However, if you have hyperopia or you only have astigmatism, then ReLEx SMILE is out of the question. LASIK is your best option here. 

    Your Lifestyle

    Your Lifestyle

    If your condition hasn’t made the decision for you, then it’s time to think about your lifestyle. 

    Do you play contact sports? Or do you have a job that has head or eye trauma risks as occupational hazards?

    If your answer to either of these questions is yes, then you might want to opt for ReLEx SMILE. With its flapless feature, it’s just better suited for people with your kind of lifestyle.

    However, if you’re not an athlete and your job doesn’t put you at risk of head or eye trauma, then you’re free to choose LASIK if you wish.

    Your Budget

    Your Budget

    Lastly, ask yourself how much you’re willing to spend to get laser eye surgery. If you have more than enough funds, then you can go for ReLEx SMILE, especially if you prefer this procedure for its flapless feature.

    But if you’re tight on budget, then you might have to choose LASIK instead. Aside from being generally cheaper than SMILE, LASIK is also popular in Singapore, so you can get more variety in prices than the other procedure.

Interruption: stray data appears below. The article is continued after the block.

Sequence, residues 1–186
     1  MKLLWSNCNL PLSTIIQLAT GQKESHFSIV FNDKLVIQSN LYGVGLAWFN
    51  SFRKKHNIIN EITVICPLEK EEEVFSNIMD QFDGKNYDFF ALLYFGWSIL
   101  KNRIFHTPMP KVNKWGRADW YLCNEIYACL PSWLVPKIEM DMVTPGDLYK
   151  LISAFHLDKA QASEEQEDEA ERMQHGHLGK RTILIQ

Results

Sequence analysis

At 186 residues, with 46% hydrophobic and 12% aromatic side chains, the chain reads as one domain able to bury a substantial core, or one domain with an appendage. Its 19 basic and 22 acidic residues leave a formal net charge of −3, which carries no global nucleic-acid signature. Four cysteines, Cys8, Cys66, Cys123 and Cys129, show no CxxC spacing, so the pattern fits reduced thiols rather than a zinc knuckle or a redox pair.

To get the best value for your money, I suggest that you discuss your plans to get laser eye surgery with your insurance provider. If you’re lucky, they might be willing to provide you with a discount no matter which procedure you choose.

    Does either LASIK or ReLEx SMILE last forever?

    — From: jerrytaneyesurgery 

    Generally speaking, the results of LASIK and ReLEx SMILE are permanent. More than 95% of patients are able to enjoy great vision for many years after their surgery. 

    That said, there’s still a small percentage of patients whose vision might slowly regress. These people can choose to get an enhancement procedure within 10 years of undergoing the surgery. 

    What preparations should I make before my LASIK or ReLEX SMILE procedure?